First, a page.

I’m not saying that ESPN should just stick to sports, but I am saying that if you decide to allow political opinions to flourish from your network’s stars that you shouldn’t neuter all conservative opinion and allow liberal political opinion to advance unchecked. That’s not a marketplace of ideas, that’s a totalitarian government. Those with liberal opinions are rewarded and allowed to speak freely, those with conservative opinions are told to keep their mouths shut.
Conservative viewers aren’t stupid, they see exactly what’s happening.
Even crazier, SPORTS VIEWERS ARE, ON AVERAGE, CONSERVATIVE!
Travis goes on to describe the stupidity of pelting the viewers of a network dedicated to offering things like NASCAR, college football, the NFL and major league baseball with leftist pieties like offering Bruce Jenner in a dress as an example of courage, noting that the only major sports audience in America which leans Democrat is the NBA, and that’s mostly because of the large segment of black viewers who even so tend to be more socially conservative than ESPN’s talking heads.
He also notes that ratings for ESPN’s talking-head shows have completely tanked as a result of its politicization; the Monday morning numbers following the Super Bowl for PTI, Around the Horn, SportsCenter and others were down an average of 33 percent just since last year.
It didn’t take long for Travis’ rather controversial take on ESPN was validated by Stark’s MLB piece. One of the most prominent sources interviewed for it? NBC News’ Chuck Todd. Yay.
But that brings baseball to a moment of truth. On the outside, there is the divide in the nation, pervading the lives of just about everyone. On the inside, there is the potential divide in these clubhouses, which could undermine the fabric every team needs to function and win.
So which is the more important divide? Baseball clearly has chosen to worry about its own house. But is it possible that, by making that choice, it is squandering an opportunity to help Americans mend a much bigger divide?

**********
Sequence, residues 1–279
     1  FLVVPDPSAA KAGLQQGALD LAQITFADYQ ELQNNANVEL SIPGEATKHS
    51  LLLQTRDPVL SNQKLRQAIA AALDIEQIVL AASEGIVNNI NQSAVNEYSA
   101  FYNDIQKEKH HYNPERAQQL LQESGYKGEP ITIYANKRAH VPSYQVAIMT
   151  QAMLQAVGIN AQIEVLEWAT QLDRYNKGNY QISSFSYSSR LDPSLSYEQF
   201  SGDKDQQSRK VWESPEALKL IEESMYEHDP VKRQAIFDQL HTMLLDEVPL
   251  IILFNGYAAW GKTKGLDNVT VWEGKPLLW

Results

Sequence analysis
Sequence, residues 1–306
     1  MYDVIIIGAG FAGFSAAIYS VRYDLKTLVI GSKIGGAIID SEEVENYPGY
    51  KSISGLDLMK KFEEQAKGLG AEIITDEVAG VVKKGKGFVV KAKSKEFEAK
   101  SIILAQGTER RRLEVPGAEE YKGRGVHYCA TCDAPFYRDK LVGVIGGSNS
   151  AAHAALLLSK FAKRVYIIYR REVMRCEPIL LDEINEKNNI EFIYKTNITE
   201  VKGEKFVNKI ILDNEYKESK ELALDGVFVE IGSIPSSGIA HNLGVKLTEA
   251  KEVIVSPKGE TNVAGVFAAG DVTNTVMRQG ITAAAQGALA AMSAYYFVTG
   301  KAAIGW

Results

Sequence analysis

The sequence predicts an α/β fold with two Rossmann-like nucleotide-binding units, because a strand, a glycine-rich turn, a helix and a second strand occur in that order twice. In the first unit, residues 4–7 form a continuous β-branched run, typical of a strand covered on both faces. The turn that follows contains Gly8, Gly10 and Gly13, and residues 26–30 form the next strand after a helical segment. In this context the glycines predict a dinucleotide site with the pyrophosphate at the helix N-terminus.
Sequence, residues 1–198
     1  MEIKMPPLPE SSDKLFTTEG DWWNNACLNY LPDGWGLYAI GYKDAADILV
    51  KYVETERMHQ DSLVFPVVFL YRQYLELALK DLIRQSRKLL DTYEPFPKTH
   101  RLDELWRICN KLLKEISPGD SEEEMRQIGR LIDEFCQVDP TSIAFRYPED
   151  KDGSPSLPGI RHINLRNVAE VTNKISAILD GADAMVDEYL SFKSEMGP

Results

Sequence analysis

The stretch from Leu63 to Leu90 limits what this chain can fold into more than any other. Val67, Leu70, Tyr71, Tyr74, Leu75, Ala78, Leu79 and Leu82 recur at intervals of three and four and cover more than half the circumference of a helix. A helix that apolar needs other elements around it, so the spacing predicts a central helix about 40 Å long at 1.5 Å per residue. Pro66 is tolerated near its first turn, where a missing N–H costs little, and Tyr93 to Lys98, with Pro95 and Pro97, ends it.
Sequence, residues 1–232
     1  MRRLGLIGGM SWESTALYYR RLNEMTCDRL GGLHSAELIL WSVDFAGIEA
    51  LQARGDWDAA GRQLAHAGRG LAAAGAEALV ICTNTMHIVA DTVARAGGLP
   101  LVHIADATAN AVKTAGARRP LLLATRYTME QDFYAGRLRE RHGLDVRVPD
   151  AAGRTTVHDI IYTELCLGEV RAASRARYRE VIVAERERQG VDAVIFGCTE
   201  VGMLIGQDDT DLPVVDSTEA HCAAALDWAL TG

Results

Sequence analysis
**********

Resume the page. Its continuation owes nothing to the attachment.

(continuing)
“I’ll say this,” Todd says. “Baseball has an opportunity to heal the country, because of the political, ethnic and racial diversity in its locker room. No other sport has that. So it can either hide in a corner and pretend nothing is happening — and baseball becomes America’s distraction — or maybe we’ll see some leadership … where some players who politically disagree get together and say, ‘This is way too tense.’”
But players across a variety of demographics, and from both ends of the political spectrum, have made it clear this spring that they want no part of topics this volatile — no matter how outspoken they may be on a million other subjects.
All of which leads this writer to offer a great deal of thanks to MLB and its players for getting it right regardless of the crybullying Jayson Stark and his bosses in Bristol might have on offer. We saw last fall how much damage Colin Kaepernick and the other entitled millionaires in the NFL did to that league and its TV ratings, and it’s only rational for MLB to recoil in horror from those stupid decisions and agree not to repeat them.
At the end of the day, those players and owners are showing themselves to be smart businessmen. They’ll be around a lot longer than the lefty elitists in the money-hemorrhaging boardroom in Bristol. I’m all of a sudden a lot more interested in big-league baseball — which I’ll watch on the MLB Network once the season starts, and probably not on ESPN.